Tourism marketing should marry big data with human touch: industry experts

Picken: taking customisation aspect of data and matching with the appropriate travel consultant on a social platform

Instead of investing in a mobile app, travel agents, destination marketers and other travel providers should take advantage of big data and focus on targeted digital marketing, urged panelists at the Travolution Forum Asia yesterday.

Sojern, a company providing data-driven travel marketing for brands, registered 50 per cent of desktop bookings made by users who had seen related ads on a mobile device, said Katy Gallagher, its sales director, APAC.

She emphasised the importance of reaching out to customers with “high travel intent” – users who are ready to book or searching for related products or destinations – rather than casting too general a net with, for example, print advertisements.

To help streamline their marketing campaigns, brands must focus on their core customers and know which platforms capture their eyeballs, said AppNexus managing director & vice president Sonal Patel.

Picken: taking customisation aspect of data and matching with the appropriate travel consultant on a social platform

For example, 47 per cent of Thai travellers engage in social media – such as Facebook and Instagram – while 41 per cent of Chinese travellers use WeChat while on a trip, revealed Amadeus vice president & general council Asia Pacific, Jackson Pek.

Gallagher added that for marketing across multiple media, a brand must “develop clear strategies that will work for each platform”.

This is where big data is important, as it will help companies build a profile of their customers. Patel opined that small- and medium-sized companies are in a better position to mine and analyse these “data nuggets” in order to craft customised digital ads.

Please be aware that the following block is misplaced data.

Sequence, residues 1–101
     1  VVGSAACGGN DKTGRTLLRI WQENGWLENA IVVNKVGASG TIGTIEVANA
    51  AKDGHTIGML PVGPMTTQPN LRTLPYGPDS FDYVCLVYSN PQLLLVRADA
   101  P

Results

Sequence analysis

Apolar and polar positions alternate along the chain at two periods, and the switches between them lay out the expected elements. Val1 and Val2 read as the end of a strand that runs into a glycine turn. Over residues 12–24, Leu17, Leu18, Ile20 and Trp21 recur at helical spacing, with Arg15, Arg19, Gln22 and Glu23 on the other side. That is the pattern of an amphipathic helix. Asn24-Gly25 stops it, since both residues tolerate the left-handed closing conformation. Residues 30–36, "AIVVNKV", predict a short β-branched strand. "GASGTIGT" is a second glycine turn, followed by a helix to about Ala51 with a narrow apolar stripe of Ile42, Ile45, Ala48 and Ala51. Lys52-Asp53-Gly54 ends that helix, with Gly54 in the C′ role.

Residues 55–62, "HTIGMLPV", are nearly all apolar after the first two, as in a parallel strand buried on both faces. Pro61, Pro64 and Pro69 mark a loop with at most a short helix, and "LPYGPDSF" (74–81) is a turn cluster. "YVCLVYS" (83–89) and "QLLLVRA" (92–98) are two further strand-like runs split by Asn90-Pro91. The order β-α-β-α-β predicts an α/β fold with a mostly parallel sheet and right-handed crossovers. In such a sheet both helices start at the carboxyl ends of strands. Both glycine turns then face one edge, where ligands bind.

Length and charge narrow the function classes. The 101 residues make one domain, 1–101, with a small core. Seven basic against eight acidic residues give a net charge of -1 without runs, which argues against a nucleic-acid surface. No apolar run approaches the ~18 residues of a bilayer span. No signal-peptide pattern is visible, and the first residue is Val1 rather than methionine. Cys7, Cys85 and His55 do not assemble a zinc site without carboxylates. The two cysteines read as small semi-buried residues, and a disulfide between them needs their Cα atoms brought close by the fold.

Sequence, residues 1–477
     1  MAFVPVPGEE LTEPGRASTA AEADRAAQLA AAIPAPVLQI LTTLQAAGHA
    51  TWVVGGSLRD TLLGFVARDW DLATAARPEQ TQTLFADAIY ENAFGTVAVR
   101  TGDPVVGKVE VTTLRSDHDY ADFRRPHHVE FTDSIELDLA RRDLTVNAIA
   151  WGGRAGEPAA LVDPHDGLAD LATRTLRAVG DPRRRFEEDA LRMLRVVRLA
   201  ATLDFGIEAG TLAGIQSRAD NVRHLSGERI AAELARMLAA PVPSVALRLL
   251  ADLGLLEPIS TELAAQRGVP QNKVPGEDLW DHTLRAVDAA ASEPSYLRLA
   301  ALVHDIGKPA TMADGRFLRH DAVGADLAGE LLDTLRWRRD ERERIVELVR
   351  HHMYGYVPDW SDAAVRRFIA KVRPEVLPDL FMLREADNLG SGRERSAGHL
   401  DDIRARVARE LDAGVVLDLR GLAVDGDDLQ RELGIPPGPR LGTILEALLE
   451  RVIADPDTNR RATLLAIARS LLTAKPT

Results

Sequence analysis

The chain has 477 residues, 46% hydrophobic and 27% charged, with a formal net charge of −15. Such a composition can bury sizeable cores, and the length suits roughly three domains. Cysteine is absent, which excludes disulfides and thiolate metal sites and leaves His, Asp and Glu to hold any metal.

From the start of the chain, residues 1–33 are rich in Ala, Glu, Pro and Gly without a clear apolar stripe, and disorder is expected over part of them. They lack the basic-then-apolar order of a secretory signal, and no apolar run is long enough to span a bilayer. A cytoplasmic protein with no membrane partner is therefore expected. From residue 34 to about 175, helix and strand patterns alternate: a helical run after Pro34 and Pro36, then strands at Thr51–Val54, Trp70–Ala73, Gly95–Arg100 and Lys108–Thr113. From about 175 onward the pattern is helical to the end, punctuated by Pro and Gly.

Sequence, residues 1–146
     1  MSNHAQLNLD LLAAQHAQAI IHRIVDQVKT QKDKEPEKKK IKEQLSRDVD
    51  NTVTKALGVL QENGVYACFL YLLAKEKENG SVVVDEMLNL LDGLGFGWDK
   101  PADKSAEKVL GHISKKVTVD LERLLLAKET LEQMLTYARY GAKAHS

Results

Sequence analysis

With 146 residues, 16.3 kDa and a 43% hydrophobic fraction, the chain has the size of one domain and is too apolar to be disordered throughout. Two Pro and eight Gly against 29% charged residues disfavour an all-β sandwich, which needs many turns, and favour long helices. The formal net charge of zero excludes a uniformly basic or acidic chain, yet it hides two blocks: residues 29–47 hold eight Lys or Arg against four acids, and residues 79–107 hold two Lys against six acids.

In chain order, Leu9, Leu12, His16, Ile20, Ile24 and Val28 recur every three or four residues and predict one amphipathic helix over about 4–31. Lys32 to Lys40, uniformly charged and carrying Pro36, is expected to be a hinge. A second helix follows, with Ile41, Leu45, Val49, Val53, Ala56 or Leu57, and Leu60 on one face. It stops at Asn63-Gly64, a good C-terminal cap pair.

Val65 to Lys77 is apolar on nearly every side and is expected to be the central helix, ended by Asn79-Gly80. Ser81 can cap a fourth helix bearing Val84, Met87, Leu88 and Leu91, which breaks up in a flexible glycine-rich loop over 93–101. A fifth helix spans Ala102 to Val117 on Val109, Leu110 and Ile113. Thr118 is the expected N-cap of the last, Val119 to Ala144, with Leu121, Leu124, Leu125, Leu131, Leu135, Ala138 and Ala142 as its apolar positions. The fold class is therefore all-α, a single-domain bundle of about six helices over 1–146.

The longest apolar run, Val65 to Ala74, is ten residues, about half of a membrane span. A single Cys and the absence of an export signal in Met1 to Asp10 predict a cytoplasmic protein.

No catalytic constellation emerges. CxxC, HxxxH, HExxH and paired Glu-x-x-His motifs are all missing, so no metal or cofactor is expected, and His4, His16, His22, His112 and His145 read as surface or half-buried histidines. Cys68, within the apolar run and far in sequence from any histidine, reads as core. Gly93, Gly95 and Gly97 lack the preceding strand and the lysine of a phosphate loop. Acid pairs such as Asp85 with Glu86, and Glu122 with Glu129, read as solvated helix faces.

Kenny Picken, president & group managing director of Traveltek, added that this is where travel agents’ experience is critical, as they can contribute “expert opinions” in their outreach that can enhance the customer experience.

This expert advice can be integrated into a “conversational user interface for more personalisation (that can help companies) take back ownership of customers”, said Saxon Booth, senior business development manager of Dragon Trail.

Some tour operators, however, feel an inertia in the industry that prevents them from adopting digital solutions. Aye Kyaw, managing director of Myanmar-based agency Rubyland Tourism Services, lamented that many small-, medium- and even micro-sized operators in his country are facing “a lot of problems surviving in the tech age”.

“It would help if we could get more education and training programmes, from both government and associations like PATA, to help us integrate technology into our businesses,” Kyaw said.

– reporting live from PATA Travel Mart 2017, Macau

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